Why Do Consumers Become Facebook Fans? Study Says It Depends On The Brand

Consumers may be a bit more sophisticated than the conventional wisdom would lead us to believe.

According to a new study from Syncapse, there’s not a single dominant reason that consumers choose to become a brand’s Facebook fan. Instead, there are numerous different reasons it happens — and, what’s more, the biggest “fan-drivers” depend on what brand you’re talking about.

This is something that brands and marketers have been trying to sort out for several years. When I wrote about it in 2010 on Small Business Search Marketing, two separate studies both suggested that coupons and deals were the No. 1 reason that consumers become fans on Facebook and follow brands on Twitter.

That’s still a popular reason in the new Syncapse study — 42 percent of the 2,000 survey respondents cited “to get a coupon or discount” as one reason they fan a brand on Facebook. The top reason, at 49 percent, was “to support the brand I like.” The only other response that was mentioned by more than 40 percent of respondents was “to receive regular updates from brands I like” at 41 percent.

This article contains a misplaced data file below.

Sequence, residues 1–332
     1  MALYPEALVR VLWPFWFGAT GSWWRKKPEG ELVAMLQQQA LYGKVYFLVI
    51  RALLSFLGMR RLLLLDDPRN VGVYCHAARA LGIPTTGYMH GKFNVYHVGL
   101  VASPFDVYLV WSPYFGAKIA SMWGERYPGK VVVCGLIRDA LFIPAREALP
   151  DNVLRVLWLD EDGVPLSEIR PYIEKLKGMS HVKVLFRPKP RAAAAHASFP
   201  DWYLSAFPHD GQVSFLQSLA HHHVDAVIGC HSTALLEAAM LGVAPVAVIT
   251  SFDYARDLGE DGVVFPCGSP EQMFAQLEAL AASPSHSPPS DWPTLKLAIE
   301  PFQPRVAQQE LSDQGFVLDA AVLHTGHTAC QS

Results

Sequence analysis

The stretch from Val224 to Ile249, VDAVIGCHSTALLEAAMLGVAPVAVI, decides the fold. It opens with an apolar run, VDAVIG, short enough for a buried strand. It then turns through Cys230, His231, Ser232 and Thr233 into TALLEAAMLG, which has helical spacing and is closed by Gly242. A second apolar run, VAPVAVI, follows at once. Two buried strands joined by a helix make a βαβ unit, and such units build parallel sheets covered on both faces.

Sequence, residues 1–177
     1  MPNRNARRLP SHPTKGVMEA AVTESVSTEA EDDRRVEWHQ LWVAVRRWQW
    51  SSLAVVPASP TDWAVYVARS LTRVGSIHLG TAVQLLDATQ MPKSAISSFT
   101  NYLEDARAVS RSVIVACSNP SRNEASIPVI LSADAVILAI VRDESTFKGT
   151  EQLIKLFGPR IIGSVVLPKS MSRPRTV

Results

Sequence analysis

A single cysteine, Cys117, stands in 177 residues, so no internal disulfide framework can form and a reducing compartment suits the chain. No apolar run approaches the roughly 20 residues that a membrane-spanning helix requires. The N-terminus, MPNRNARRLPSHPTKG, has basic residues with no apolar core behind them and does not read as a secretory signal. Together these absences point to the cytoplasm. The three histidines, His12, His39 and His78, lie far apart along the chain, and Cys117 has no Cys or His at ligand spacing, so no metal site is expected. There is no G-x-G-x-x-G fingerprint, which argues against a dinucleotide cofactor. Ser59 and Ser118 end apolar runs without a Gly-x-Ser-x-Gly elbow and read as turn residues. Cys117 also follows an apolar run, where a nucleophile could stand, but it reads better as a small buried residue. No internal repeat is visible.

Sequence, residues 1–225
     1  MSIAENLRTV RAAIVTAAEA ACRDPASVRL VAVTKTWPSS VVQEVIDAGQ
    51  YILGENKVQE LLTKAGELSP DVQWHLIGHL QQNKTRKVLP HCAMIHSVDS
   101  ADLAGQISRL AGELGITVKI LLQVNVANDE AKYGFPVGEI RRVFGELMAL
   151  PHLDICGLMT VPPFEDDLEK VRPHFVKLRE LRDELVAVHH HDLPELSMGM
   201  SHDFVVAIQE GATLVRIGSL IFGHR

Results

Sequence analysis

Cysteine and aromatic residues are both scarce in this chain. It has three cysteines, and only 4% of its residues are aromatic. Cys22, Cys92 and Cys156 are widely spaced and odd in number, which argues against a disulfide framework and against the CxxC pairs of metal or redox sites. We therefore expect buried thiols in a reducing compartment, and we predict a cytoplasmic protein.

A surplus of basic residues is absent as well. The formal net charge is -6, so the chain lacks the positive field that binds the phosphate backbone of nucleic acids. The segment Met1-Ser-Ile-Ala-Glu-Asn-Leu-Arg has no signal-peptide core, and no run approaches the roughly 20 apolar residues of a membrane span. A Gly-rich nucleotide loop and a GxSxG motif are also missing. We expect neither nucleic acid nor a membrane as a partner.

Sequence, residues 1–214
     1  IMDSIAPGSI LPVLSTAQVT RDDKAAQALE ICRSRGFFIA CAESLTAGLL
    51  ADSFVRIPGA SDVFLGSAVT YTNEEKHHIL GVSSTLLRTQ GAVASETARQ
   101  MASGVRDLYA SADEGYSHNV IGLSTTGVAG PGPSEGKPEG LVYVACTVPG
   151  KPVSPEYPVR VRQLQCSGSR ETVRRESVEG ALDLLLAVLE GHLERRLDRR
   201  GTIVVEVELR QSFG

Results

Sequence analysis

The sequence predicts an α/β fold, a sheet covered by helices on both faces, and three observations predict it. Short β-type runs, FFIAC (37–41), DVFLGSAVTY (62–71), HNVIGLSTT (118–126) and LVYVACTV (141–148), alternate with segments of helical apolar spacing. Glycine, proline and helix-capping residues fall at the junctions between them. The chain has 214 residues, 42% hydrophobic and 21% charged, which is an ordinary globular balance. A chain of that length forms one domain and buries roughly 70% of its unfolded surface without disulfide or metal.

But what I like about the Syncapse study is that it goes a little deeper than studies I’ve seen in the past by breaking out the responses by which brand the consumers have fanned on Facebook.

That adds some nuance to the study results — like the fact that consumers have different reasons for becoming a fan of different brands. So, while word of mouth might only score 15 percent overall on the chart above, 27 percent of fans of the fashion brand Zara said they became a fan because of a personal recommendation from a friend.

And that stuff about deals and coupons being a primary driver of Facebook fan activity may apply to Starbucks (59 percent), Victoria’s Secret (61 percent) and Target (59 percent), but it’s not why consumers become fans of BMW (17 percent), XBOX (28 percent) and Adidas (32 percent).

The Syncapse study also found that 78 percent of a brand’s Facebook fans are also current users of the company’s products or services. But again, it’s a bit more sophisticated than that: BMW is a significant exception with only 36 percent of its fans also being customers.

You can download the report from Syncapse’s website. Contact information is required.

About The Author

Matt McGee
Matt McGee joined Third Door Media as a writer/reporter/editor in September 2008. He served as Editor-In-Chief from January 2013 until his departure in July 2017. He can be found on Twitter at @MattMcGee.